First, I put the ingredients into the salad bowl, then overturn them onto a platter. Into the empty bowl I put one hard-boiled egg yolk for each two persons—six for a dozen guests. These I mash with oil to form a paste, to which I add chervil, crushed tuna, macerated anchovies, Maille mustard, a large spoonful of soya, chopped gherkins, and the chopped white of the eggs. I thin this mixture by stirring in the finest vinegar obtainable. Finally, I put the salad back into the bowl, and my servant tosses it. On the tossed salad I sprinkle a pinch of paprika, which is the Hungarian red pepper.

And there you have the salad that so fascinated poor Ronconi.

Alexandre Dumas’ Dictionary of Cuisine, edited, abridged, and translated by Louis Colman



Serves 6–8

For the salad:

1 1/2 cups of beets, boiled until fork-tender and sliced
1 1/2 cups of potatoes, boiled until fork-tender and sliced
1 1/2 cups of celery, sliced
large handful of spinach, chopped

For the dressing:

3 hard-boiled eggs, separated into yolks and whites
1/2 cup olive oil
4 anchovies, mashed
2 tbs fresh tarragon, minced
1/4 cup good-quality canned tuna
1 tbs Maille mustard (from Dijon, available in every supermarket)
1 tbs soy sauce
1/4 cup chopped gherkins
1 tbs vinegar or more, to taste
1 pinch paprika
salt and pepper, to taste



Prepare according to the method outlined above.

Note to readers: Dumas’s instructions on dressing salads are very precise: They should be dressed “an hour before the bowl is broached” and tossed three or four times during that period. Moreover, only the “master or the mistress” of the house should season the salad—and only “if they are worthy of such a priestly duty.”


Matelote of Eel Marinière

Take a Seine carp, an eel, a tench, a perch, and cut them in pieces. Slice 2 large onions. Put the onions on the bottom of a copper pot, then all the heads, then the body pieces, so the pieces from nearest the tail are on top. Season with salt, pepper, a bouquet garni, and a few cloves of garlic. Pour over all 2 bottles of white wine. Bring to a quick boil. Add 1 glass of cognac and flame. Add 20 or 30 little onions fried in butter. Make little balls of flour and butter and sprinkle it into your matelote. Shake to mix well. Serve hot, garnished with croutons and crayfish cooked in Rhine wine.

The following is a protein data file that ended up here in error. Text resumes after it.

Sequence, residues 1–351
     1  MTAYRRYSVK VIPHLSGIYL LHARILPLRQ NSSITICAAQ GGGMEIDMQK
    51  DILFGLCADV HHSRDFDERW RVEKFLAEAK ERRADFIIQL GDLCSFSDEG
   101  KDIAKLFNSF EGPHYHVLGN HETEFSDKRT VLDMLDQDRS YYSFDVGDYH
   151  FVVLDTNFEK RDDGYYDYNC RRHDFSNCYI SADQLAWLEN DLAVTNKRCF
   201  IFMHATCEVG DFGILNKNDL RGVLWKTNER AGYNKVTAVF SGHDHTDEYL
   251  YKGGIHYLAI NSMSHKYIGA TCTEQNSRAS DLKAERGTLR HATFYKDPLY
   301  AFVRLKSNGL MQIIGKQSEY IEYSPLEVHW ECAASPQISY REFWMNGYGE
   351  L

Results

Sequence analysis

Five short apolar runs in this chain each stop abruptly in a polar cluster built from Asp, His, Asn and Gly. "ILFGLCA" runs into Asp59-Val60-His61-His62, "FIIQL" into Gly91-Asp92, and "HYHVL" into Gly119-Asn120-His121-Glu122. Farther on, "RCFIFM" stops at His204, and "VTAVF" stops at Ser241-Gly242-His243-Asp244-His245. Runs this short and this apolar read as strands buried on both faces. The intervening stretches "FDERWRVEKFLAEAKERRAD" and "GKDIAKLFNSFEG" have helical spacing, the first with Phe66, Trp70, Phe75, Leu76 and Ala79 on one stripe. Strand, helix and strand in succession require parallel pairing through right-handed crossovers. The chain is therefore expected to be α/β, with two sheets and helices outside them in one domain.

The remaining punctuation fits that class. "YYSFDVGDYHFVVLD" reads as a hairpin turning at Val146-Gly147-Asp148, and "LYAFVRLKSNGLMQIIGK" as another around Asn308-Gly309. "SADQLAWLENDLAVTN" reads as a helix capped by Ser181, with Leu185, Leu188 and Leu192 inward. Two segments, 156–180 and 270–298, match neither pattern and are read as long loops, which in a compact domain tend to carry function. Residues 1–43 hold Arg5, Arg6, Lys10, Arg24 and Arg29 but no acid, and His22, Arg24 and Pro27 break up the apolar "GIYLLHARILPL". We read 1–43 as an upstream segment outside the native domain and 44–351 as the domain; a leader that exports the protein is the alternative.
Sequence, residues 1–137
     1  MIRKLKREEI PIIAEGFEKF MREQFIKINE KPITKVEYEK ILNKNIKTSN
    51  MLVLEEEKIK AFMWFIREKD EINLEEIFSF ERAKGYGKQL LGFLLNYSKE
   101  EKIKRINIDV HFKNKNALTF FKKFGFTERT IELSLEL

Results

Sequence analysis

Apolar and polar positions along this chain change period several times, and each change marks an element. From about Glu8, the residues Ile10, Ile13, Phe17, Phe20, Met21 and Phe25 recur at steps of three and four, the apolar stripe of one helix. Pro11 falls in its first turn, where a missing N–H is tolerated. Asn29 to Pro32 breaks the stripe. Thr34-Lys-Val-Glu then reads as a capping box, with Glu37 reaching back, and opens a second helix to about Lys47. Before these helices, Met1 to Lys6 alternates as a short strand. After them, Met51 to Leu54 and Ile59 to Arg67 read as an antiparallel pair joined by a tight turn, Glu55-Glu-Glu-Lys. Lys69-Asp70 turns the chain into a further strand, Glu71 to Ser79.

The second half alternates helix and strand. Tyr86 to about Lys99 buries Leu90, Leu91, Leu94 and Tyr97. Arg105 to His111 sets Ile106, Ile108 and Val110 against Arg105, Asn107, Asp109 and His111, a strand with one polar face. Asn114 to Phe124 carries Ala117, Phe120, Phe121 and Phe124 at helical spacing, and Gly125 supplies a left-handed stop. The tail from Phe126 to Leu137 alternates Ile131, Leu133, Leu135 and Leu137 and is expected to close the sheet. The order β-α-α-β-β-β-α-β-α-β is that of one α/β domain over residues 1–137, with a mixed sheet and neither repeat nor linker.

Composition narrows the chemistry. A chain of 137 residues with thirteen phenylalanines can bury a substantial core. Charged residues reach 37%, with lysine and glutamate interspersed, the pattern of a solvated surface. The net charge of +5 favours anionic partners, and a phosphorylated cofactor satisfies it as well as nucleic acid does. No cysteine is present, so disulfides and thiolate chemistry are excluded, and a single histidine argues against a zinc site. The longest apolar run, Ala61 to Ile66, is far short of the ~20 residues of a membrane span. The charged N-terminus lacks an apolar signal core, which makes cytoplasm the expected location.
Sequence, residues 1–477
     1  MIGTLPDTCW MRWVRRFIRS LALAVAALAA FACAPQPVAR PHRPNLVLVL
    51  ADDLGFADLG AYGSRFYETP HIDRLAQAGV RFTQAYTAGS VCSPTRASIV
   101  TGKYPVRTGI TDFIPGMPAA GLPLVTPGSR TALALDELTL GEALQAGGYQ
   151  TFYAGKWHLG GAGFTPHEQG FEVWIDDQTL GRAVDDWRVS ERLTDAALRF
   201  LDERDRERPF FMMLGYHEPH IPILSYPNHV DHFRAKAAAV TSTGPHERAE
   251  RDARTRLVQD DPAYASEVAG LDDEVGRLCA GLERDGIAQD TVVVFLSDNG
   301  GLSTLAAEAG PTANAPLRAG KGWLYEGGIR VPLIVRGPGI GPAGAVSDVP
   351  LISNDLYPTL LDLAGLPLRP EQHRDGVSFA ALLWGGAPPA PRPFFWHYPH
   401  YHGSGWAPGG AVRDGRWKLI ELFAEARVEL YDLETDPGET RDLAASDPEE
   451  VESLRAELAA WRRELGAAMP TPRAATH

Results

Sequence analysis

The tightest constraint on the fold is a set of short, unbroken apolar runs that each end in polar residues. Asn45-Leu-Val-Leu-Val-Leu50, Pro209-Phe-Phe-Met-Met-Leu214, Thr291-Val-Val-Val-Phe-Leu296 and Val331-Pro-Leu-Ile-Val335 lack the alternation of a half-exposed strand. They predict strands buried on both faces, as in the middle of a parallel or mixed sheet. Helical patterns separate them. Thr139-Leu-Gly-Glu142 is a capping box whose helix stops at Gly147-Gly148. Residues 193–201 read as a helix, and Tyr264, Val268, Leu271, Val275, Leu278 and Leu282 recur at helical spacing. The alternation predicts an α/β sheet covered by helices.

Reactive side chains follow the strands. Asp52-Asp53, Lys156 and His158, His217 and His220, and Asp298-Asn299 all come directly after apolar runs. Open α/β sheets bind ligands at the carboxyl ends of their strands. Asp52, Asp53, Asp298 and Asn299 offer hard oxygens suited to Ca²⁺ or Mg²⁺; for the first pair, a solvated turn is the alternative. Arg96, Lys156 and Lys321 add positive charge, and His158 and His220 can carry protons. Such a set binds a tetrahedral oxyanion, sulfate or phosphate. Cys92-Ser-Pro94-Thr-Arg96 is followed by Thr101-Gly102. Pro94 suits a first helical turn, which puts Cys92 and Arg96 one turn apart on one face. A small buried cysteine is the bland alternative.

Alexandre Dumas’ Dictionary of Cuisine, edited, abridged, and translated by Louis Colman



For the bouquet garni:

a few leaves of sage
a few sprigs of thyme
1/2 sprig rosemary
1 bay leaf

Tie all the ingredients together and place them in a piece of cheesecloth.

For the croutons:

1/2 baguette

Slice the baguette and fry the slices in butter till crispy, salting liberally.

For the soup:

1 eel, filleted, head reserved
2 catfish, filleted, head reserved
1 bass, filleted, head reserved
1 white onion, in segments
4 cloves of garlic
1 bottle white wine, preferably Sancerre
2 1/2 cups water
20 or 30 little cipollini onions
8 tbs butter (2 for frying the fish, 6 for the beurre manié)
1/4 cup flour
Salt and pepper, to taste



Make a fish stock. Put the fish heads and the head of the eel, the onions, the garlic, the wine, and the water in a large pot. Bring to a boil, then simmer for 20 minutes and strain.

Brown the onions in the butter on medium-low heat until they’re very soft, about 30 minutes.